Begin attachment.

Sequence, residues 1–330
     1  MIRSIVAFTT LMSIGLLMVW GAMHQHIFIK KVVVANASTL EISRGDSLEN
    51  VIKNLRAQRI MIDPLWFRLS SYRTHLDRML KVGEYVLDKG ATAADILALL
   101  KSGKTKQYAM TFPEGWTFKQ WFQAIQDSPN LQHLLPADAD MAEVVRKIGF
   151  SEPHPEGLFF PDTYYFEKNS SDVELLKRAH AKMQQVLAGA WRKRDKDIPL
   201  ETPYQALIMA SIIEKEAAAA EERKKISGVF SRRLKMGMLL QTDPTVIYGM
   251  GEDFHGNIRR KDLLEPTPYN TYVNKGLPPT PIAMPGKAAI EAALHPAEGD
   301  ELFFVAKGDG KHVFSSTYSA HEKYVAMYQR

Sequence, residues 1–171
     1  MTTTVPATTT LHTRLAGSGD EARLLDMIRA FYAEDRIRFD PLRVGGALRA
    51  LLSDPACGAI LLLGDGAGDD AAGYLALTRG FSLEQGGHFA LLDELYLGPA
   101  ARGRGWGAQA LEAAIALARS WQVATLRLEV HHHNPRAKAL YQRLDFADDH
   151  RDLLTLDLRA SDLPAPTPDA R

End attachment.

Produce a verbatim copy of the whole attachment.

Sequence, residues 1–330
     1  MIRSIVAFTT LMSIGLLMVW GAMHQHIFIK KVVVANASTL EISRGDSLEN
    51  VIKNLRAQRI MIDPLWFRLS SYRTHLDRML KVGEYVLDKG ATAADILALL
   101  KSGKTKQYAM TFPEGWTFKQ WFQAIQDSPN LQHLLPADAD MAEVVRKIGF
   151  SEPHPEGLFF PDTYYFEKNS SDVELLKRAH AKMQQVLAGA WRKRDKDIPL
   201  ETPYQALIMA SIIEKEAAAA EERKKISGVF SRRLKMGMLL QTDPTVIYGM
   251  GEDFHGNIRR KDLLEPTPYN TYVNKGLPPT PIAMPGKAAI EAALHPAEGD
   301  ELFFVAKGDG KHVFSSTYSA HEKYVAMYQR

Sequence, residues 1–171
     1  MTTTVPATTT LHTRLAGSGD EARLLDMIRA FYAEDRIRFD PLRVGGALRA
    51  LLSDPACGAI LLLGDGAGDD AAGYLALTRG FSLEQGGHFA LLDELYLGPA
   101  ARGRGWGAQA LEAAIALARS WQVATLRLEV HHHNPRAKAL YQRLDFADDH
   151  RDLLTLDLRA SDLPAPTPDA R